Food intolerance is a little known subject for many and, worse still, extremely underestimated. Yet, many are unknowingly affected by this problem, whether children or adults, men or women. Even though it is difficult to trace back epidemiological data so as to establish with certainty the exact percentage, a rough estimate indicates that about 30 – 40% of the population is affected. There is worrying evidence of the widespread increase in health problems related to allergies, hypersensitivity or food intolerances, which tangibly witnesses how the fast spread of a modern lifestyle poor in nutrients and rich in refined ingredients, additives and pollutants, is not suitable to “build” and maintain good health.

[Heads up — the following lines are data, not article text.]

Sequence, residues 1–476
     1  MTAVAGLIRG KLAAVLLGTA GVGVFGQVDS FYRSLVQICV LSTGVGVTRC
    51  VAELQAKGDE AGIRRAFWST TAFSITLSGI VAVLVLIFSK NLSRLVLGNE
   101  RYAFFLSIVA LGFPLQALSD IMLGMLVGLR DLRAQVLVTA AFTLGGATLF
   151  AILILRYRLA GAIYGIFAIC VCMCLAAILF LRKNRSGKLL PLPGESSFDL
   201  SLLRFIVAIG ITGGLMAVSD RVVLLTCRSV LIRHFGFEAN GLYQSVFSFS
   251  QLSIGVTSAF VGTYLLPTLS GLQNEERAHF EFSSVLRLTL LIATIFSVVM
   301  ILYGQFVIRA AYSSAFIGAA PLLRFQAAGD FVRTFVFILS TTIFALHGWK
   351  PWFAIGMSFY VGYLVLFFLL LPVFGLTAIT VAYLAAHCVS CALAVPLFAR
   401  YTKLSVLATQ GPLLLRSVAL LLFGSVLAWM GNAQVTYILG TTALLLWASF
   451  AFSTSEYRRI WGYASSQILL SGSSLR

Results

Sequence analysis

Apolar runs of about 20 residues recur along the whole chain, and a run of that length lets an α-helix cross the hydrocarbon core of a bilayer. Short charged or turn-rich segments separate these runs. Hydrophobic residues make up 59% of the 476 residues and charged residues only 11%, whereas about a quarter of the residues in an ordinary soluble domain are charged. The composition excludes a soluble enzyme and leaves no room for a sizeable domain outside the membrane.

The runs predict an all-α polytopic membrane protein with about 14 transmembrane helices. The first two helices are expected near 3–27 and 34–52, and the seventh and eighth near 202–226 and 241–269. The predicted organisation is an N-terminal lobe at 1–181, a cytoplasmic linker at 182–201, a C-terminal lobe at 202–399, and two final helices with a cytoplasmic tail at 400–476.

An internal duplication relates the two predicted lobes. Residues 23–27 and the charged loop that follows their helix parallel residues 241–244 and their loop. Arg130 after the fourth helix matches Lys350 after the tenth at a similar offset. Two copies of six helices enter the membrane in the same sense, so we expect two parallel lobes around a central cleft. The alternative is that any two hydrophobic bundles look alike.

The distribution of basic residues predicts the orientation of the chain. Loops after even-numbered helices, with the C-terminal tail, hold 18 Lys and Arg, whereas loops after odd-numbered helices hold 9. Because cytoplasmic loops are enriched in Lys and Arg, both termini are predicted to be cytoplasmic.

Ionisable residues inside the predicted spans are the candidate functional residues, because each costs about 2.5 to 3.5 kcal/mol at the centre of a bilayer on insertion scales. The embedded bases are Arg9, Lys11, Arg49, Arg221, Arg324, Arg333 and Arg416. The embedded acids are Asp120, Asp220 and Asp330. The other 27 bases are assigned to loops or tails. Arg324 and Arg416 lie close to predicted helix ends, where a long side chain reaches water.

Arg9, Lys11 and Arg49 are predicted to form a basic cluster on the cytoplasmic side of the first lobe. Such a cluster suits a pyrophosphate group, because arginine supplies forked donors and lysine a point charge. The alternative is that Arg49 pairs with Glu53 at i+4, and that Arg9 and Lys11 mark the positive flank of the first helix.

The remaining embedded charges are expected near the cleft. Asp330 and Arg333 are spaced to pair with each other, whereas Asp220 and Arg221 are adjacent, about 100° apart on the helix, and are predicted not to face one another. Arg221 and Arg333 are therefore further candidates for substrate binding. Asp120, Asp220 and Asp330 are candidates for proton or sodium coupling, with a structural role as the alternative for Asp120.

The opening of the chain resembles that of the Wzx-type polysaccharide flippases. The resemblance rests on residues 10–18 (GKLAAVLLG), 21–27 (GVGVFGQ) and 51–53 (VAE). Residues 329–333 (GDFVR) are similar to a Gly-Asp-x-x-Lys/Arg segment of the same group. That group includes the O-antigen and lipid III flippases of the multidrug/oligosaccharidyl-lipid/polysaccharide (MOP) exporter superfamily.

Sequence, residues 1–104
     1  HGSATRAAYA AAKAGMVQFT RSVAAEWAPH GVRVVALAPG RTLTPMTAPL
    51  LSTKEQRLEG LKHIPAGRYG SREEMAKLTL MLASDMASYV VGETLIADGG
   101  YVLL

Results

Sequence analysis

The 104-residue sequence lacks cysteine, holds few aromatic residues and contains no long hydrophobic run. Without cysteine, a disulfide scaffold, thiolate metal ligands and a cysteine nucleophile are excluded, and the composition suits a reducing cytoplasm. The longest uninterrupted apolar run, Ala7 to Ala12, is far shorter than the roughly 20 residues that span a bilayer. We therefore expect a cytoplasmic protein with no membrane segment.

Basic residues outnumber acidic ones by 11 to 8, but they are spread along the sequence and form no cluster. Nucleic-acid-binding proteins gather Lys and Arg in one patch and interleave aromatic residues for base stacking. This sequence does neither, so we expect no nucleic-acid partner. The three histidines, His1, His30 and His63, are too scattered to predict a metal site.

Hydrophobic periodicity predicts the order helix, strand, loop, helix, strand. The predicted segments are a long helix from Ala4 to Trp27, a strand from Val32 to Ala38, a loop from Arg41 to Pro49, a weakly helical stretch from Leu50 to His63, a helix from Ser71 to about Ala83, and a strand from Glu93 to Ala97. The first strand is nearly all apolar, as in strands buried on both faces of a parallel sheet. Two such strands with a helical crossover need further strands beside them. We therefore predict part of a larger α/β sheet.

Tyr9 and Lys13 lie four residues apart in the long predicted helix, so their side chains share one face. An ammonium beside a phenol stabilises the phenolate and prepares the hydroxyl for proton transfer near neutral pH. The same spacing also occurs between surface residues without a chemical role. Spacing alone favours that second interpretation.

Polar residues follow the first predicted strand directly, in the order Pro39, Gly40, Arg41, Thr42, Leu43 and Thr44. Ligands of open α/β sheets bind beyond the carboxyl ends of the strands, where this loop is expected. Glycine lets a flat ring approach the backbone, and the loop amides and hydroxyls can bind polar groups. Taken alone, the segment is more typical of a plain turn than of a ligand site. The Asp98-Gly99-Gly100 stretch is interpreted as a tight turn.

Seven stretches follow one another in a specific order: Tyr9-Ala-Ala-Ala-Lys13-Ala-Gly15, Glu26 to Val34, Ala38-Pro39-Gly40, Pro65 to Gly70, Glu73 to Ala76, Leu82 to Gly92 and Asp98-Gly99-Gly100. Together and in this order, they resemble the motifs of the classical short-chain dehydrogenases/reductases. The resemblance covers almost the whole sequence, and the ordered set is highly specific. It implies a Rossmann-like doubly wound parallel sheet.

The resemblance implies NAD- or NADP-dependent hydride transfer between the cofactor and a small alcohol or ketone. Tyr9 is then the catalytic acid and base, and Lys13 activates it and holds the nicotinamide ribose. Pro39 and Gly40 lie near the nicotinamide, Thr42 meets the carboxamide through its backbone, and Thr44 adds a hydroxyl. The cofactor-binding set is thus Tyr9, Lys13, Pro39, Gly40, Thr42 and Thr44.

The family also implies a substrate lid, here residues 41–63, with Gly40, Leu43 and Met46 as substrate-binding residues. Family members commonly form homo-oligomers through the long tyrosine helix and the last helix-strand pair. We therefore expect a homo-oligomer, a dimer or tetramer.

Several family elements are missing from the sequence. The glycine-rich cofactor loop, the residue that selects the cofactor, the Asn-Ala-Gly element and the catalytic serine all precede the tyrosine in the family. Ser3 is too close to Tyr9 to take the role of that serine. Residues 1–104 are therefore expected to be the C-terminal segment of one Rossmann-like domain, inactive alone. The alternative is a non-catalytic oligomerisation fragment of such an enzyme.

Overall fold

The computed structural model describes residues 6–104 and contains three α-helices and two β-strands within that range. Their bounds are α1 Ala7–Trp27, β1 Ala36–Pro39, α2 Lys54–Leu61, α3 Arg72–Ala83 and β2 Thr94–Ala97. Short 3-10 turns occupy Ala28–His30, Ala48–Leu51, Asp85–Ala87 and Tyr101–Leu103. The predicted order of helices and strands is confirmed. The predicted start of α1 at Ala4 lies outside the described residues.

Food intolerances are the consequence, the “tip of the iceberg” situation, of an intestinal mucosa which has lost its integrity for a number of reasons to be delved into further on. To cut a long story short, we can anticipate that food intolerance results from partly undigested food macromolecules passing through a too permeable intestinal mucosa, a situation which triggers off an immune system response (IgA and IgG) when they reach the bloodstream and lymphatic system. A general inflammatory reaction therefore originates, involving the whole organism and potentially causing symptoms and modifications of any organ or tissue in the body.
The origin lies in what we eat and in the ensuing reaction at intestinal mucosa level: an interface between the world outside and the organism, a fundamental area of the body in charge of discriminating between what is functional for the individual’s nutrition and what needs to be eliminated, instead.